A Synthetic Ion Channel Makes Plants Grow Faster
A Synthetic Ion Channel Makes Plants Grow FasterA Synthetic Ion Channel Makes Plants Grow FasterA Synthetic Ion Channel Makes Plants Grow Faster

A Synthetic Ion Channel Makes Plants Grow Faster

Arabidopsis with guard cells modified by a light-activated potassium ion channel can open and close stomata more quickly, conserving water.

Sep 1, 2019
Chia-Yi Hou

ABOVE: © ISTOCK.COM, NNEHRING

EDITOR'S CHOICE IN CELL & MOLECULAR BIOLOGY  

The paper
M. Papanatsiou et al., “Optogenetic manipulation of stomatal kinetics improves carbon assimilation, water use, and growth,” Science, 363:1456–59, 2019. 

In plants, guard cells control the stomatal opening by expanding and contracting through ion flux. When a plant senses light, a signal is sent to the guard cell to increase its ion content, which causes the cell to take in water and swell in size. In this state, the stoma is open so that it can start taking in carbon dioxide for photosynthesis. When there’s no light available for photosynthesis, the plant closes its stomata so it doesn’t lose water through evaporation. Biologists suspected that the speed at which the guard cells react to changing conditions affects plants’ productivity and water use efficiency. 

OPEN AND SHUT: To test whether speed of stomata opening and closing can increase productivity and water use efficiency, researchers added the synthetic light-activated BLINK1 ion channel to guard cells in Arabidopsis (1). The BLINK1 channel allowed potassium ions to move into a cell within two minutes of activation by blue light (2). The increase in ions inside the cell caused the guard cells to take on water and swell in size, opening the stomata to allow entry of carbon dioxide (3). Within 8 to 10 minutes of being in darkness, the BLINK1 channel’s activity decreased and the guard cells began to shrink, closing the stomata and preventing water from leaving the cell (4). See full infographic: WEB | PDF
© Kelly Finan

To test this idea, a team of researchers borrowed a tool from neurobiology: optogenetics, which enables scientists to use light to control membrane voltage and thus activate neurons experimentally. Changing the voltage of a cell is relatively easy, says study coauthor Michael Blatt of the University of Glasgow, “but it’s much more of a challenge to move enough ions to change the total ion content of the cell.” The researchers used genetic engineering and a cell-specific promoter to add BLINK1, a light-controlled synthetic potassium channel, to guard cells in Arabidopsis thaliana to see if they could move enough ions for the cells to take in water and increase in size.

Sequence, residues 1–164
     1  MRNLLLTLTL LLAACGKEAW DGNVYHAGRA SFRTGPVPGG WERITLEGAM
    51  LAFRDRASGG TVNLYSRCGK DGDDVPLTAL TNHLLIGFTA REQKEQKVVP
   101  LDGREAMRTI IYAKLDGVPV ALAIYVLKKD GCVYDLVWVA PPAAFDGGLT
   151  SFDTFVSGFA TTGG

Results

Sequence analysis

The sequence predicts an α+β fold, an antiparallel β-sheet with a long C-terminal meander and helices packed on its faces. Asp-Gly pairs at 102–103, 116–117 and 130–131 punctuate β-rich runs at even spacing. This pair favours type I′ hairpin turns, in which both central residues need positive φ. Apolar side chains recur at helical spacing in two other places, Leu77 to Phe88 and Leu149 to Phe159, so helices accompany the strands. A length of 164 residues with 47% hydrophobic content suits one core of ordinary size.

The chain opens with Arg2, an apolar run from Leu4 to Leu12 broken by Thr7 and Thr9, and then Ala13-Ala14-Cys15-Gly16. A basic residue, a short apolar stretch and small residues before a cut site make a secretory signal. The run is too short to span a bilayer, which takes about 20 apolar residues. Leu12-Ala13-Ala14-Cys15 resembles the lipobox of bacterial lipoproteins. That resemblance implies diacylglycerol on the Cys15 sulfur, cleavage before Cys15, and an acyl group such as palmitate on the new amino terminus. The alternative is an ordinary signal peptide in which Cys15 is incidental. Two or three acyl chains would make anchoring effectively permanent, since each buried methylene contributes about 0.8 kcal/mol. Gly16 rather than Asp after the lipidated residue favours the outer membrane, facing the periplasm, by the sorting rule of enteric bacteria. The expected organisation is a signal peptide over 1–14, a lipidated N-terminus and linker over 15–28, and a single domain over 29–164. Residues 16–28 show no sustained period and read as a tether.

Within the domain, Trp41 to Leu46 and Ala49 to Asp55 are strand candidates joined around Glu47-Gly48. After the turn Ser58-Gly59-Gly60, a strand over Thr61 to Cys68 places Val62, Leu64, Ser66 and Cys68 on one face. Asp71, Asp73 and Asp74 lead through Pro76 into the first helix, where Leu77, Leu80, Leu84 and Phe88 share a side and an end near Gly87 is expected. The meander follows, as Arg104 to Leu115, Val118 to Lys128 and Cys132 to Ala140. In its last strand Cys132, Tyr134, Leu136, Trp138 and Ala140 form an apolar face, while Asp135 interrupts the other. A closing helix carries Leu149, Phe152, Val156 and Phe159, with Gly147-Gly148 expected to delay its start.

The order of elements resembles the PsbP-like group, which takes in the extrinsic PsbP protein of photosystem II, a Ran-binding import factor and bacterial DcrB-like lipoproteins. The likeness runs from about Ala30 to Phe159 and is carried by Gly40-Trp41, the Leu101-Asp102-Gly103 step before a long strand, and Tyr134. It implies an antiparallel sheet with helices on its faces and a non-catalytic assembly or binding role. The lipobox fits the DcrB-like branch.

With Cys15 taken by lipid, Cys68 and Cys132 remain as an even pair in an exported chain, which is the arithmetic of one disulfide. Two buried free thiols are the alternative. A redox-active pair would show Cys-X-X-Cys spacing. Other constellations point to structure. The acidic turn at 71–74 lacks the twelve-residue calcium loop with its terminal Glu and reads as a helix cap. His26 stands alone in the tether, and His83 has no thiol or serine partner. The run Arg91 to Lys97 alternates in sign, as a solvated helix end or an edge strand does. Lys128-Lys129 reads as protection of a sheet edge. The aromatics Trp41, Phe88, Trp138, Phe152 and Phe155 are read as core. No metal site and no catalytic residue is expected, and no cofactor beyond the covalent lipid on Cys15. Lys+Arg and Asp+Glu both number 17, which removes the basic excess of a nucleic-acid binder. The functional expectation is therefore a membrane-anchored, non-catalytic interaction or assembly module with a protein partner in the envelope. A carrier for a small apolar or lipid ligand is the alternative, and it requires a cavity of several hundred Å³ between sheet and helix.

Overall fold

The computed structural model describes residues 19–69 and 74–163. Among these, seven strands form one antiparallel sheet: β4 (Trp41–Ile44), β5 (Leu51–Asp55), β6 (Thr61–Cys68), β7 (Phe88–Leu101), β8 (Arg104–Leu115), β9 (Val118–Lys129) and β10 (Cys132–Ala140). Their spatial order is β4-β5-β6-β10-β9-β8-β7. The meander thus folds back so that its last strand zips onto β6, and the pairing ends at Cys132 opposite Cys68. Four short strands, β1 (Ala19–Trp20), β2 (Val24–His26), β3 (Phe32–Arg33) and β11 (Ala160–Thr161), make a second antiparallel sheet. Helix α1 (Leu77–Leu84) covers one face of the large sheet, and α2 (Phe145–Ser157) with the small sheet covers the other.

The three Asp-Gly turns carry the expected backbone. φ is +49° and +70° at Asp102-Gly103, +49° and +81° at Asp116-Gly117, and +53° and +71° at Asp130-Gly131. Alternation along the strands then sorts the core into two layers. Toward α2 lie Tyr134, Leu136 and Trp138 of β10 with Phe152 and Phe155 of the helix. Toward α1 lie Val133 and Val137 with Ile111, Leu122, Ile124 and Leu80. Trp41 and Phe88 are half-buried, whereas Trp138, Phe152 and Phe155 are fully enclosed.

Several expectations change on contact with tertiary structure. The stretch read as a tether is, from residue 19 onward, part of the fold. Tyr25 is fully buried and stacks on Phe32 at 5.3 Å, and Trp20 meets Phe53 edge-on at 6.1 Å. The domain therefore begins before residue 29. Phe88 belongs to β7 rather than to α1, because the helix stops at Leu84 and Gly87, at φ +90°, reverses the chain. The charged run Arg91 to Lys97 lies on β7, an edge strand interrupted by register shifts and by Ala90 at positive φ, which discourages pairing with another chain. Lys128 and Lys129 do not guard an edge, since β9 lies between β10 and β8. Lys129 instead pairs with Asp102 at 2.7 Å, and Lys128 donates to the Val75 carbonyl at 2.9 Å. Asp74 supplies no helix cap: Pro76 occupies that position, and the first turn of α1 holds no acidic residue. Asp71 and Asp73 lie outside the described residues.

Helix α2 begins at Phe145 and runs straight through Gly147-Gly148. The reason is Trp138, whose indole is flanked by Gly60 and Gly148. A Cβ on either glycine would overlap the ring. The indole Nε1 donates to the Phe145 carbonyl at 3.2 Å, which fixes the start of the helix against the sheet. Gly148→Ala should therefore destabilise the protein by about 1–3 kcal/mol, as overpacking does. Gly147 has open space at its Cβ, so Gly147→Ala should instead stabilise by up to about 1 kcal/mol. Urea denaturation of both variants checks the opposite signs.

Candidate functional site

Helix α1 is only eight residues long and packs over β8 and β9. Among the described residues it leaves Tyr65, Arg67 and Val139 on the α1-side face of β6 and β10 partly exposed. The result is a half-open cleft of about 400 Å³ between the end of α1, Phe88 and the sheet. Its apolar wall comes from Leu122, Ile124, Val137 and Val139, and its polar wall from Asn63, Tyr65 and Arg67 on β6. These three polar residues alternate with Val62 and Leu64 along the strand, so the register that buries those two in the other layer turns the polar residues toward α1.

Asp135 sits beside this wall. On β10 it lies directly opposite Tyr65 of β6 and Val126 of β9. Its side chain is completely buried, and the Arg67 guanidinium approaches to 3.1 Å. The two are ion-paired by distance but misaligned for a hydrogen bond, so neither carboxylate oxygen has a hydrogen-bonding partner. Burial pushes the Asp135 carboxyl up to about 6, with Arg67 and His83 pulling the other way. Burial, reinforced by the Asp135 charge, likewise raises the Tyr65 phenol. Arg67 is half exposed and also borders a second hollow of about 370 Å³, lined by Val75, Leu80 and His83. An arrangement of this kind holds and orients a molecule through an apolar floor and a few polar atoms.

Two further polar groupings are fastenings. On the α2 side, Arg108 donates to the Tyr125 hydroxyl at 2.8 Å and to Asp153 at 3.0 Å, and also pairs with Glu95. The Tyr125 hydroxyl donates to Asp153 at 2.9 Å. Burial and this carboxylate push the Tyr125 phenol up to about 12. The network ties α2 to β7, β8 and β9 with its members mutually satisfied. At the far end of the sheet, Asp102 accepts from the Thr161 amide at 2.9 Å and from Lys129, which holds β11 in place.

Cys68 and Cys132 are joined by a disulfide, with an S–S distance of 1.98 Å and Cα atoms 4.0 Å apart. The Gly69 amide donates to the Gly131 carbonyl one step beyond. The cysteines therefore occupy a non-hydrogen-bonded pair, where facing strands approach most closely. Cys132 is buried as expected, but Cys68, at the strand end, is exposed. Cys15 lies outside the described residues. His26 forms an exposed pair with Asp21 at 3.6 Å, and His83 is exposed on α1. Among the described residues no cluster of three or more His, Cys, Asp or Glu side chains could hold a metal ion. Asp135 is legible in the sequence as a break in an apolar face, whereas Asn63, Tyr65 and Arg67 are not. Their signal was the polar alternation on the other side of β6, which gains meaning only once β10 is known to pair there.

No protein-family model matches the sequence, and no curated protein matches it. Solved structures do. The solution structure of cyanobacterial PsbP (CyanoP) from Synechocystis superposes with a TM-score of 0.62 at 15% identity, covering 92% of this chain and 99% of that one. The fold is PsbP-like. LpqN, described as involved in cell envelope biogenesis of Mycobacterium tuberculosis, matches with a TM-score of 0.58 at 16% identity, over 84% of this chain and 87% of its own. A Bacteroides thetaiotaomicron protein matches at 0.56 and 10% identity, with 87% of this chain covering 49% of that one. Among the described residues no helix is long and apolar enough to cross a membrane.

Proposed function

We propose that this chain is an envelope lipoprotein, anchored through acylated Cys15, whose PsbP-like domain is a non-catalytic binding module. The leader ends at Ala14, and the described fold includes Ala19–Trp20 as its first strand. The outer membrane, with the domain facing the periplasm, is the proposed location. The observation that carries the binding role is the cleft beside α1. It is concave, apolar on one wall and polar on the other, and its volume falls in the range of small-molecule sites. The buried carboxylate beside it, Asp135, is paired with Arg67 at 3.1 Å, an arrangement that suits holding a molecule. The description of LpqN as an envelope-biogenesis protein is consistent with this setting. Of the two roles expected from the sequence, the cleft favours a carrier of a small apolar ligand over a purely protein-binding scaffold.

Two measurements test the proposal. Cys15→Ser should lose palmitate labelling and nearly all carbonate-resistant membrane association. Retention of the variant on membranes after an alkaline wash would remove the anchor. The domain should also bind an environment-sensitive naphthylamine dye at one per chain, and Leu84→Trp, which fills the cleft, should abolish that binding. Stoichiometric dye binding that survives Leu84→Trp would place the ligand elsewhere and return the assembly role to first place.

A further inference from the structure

Within two minutes of exposure to blue light, the BLINK1 channel opened, allowing potassium ions to move into the cell. The guard cells swelled as a result, making the stomata bigger.

Plants with the BLINK1 channels were able to open the stomata more quickly than control plants, presumably allowing them to get carbon dioxide sooner. The modified plants were also able to close their stomata more quickly than the controls when put in darkness, preventing them from losing water unnecessarily. Likely due to their increased efficiency, the plants with BLINK1 grew 2.2 times faster than control plants kept under the same conditions, the authors report.

“It’s quite interesting and very innovative,” says plant electrophysiology researcher Nathalie Leonhardt of France’s Biosciences and Biotechnologies Institute of Aix-Marseille who was not involved in the study. The study’s setup exposes the plants to fluctuations and quick changes in light that demonstrate the effect of the channel, says Leonhardt. But she adds that those conditions are “not very realistic,” and that natural light levels might not fluctuate as quickly. Thus, BLINK1’s speed may not offer much of an advantage in the field. 

Blatt notes that this study is a proof of concept, and the first demonstration that it is possible to engineer crops to improve water use efficiency without sacrificing growth by controlling the speed of the opening and closing of the stomata. The next step, he says, is to look into other ways to change that speed without the use of the BLINK1 channel, such as by studying genes that affect guard cells’ capacity to change size.

Chia-Yi Hou is a freelance science writer. Follow her on Twitter @chiayi_hou.